A room that looks like a tornado has passed through – clearly the space of a young boy. Tom is eight years old, cheeky, and out of control - a ‘cross between the Energiser bunny and Tasmanian Devil’ says his mother, Sarah, whilst tidying his room to look for ‘Monkey’, Tom’s favourite toy and sidekick.
As Sarah transforms the room from chaos to order (sniffing clothes to decide if they should be folded or washed), she tells us the stories of his life. He’s not quite bad enough to be diagnosed – but then when he is, Sarah is too terrified to tell anyone about it.
Adapted for the stage by an ensemble team, from a concept by Lott, this hour-long monologue seems to race by. Lott shares her joys and fears, her pain and vulnerabilities, and it is a powerful experience for us, feeling the unconditional love a mother has for her son, whatever he does, however he hurts her. Director Yasmin Gurreeboo steers Lott away from the sentimental, unafraid to have a mother admit to her faults.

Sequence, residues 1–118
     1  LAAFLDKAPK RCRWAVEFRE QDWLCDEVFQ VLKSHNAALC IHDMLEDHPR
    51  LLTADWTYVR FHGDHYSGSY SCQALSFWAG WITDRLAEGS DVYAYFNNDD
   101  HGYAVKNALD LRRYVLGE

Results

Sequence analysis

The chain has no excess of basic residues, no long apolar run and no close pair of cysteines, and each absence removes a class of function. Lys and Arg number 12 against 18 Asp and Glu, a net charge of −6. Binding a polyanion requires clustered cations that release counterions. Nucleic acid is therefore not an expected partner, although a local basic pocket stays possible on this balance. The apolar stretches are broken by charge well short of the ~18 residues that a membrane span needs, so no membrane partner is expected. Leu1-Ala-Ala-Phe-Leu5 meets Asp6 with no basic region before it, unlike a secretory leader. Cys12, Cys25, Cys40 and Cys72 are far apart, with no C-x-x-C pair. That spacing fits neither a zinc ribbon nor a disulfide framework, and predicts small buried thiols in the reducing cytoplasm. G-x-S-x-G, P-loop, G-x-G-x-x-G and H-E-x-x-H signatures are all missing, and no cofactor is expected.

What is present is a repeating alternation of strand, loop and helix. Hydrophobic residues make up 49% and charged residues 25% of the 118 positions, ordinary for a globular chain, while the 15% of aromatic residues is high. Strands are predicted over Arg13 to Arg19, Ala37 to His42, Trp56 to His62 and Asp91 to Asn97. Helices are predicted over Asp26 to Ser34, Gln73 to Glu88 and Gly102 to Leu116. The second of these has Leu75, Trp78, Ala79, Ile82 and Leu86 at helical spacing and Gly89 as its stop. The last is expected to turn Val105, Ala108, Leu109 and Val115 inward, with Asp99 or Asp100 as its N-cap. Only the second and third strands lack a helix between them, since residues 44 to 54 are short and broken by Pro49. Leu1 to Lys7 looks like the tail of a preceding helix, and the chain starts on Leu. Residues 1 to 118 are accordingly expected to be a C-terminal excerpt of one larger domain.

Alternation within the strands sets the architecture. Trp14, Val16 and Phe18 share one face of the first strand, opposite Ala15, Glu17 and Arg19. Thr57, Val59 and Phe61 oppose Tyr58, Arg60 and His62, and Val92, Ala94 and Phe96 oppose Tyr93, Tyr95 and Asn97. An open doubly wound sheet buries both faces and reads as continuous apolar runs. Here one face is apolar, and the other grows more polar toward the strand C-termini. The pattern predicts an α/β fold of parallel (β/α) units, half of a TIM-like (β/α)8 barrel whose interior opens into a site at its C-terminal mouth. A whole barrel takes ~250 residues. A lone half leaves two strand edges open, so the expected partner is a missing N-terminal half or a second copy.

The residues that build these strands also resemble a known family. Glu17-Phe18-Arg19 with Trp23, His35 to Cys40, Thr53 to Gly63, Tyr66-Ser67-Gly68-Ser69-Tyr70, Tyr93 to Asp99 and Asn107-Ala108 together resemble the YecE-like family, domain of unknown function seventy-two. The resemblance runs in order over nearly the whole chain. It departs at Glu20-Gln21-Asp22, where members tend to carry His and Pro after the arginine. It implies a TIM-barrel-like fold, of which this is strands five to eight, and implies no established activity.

Lott excels at the flitting between pairs of stretched emotions – the guilt and love, the anger and relief, the uncertainty and determination. She challenges a bureaucratic system that insists on putting people into well-defined boxes, that defines her son as ‘that boy’. Instead, Lott offers the insights of a mother, for which there is no rule book. With each put-away toy and folded pyjamas, the room returns to order as the story gets messy – this is real life.
The success of this monologue is in its humanity – an imperfect but unending love from a mother to her son.